750GB refers to drive capacity - how much data the installed drive can contain.
'Drive size' could mean the same thing as 'drive capacity' (at least, the two terms are synonymous in my mind), or 'drive size' could refer to the physical dimensions of the drive mechanism itself. Since I'm guessing that the caddy you're talking about is for mounting a 2.5" SATA hard drive or SSD in the bay where a 5.25" SATA optical drive was formerly mounted, the only physical dimension that's in question is the thickness of the drive mechanism. The HD and optical bays on a Unibody MBP are designed to hold 9.5mm drives; as long as the Samsung is no thicker than 9.5mm, it should fit.
By 'transfer capacity', I suspect you mean bus speed. In earlier MBP generations, the hard drive was on a 6 Gbps SATA III bus, while the optical drive was on a slower 3Gbps SATA II bus. This could cause problems with newer drives installed in the optical bay, because the drives couldn't always switch themselves successfully to the slower bus. This is a big issue with the 2011 Unibody MacBook Pros; you shouldn't have that problem with the Mid-2012 MBP.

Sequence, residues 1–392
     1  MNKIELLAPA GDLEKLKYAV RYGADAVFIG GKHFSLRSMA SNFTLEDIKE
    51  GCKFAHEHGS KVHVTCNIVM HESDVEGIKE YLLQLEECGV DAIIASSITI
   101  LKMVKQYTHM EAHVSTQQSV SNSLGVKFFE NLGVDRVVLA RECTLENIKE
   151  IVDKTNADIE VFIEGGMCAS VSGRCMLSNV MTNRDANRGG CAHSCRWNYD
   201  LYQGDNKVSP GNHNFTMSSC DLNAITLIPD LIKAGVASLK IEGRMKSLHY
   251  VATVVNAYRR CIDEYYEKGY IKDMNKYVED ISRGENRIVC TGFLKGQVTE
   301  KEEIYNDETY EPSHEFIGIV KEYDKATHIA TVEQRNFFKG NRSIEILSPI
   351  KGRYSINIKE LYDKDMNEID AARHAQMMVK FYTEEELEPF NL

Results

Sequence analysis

Without knowing who made the caddy you're using, I'm guessing that the 750GB limit is a CYA measure from the manufacturer/retailer. It's likely that 750GB hard drives were the largest that were readily available when the caddy was designed, but they haven't made any effort to test and verify the caddy with larger drives since then. But if the caddy is rated for SATA III, I'll bet you can install the 2TB drive in it, then format and use it without issue.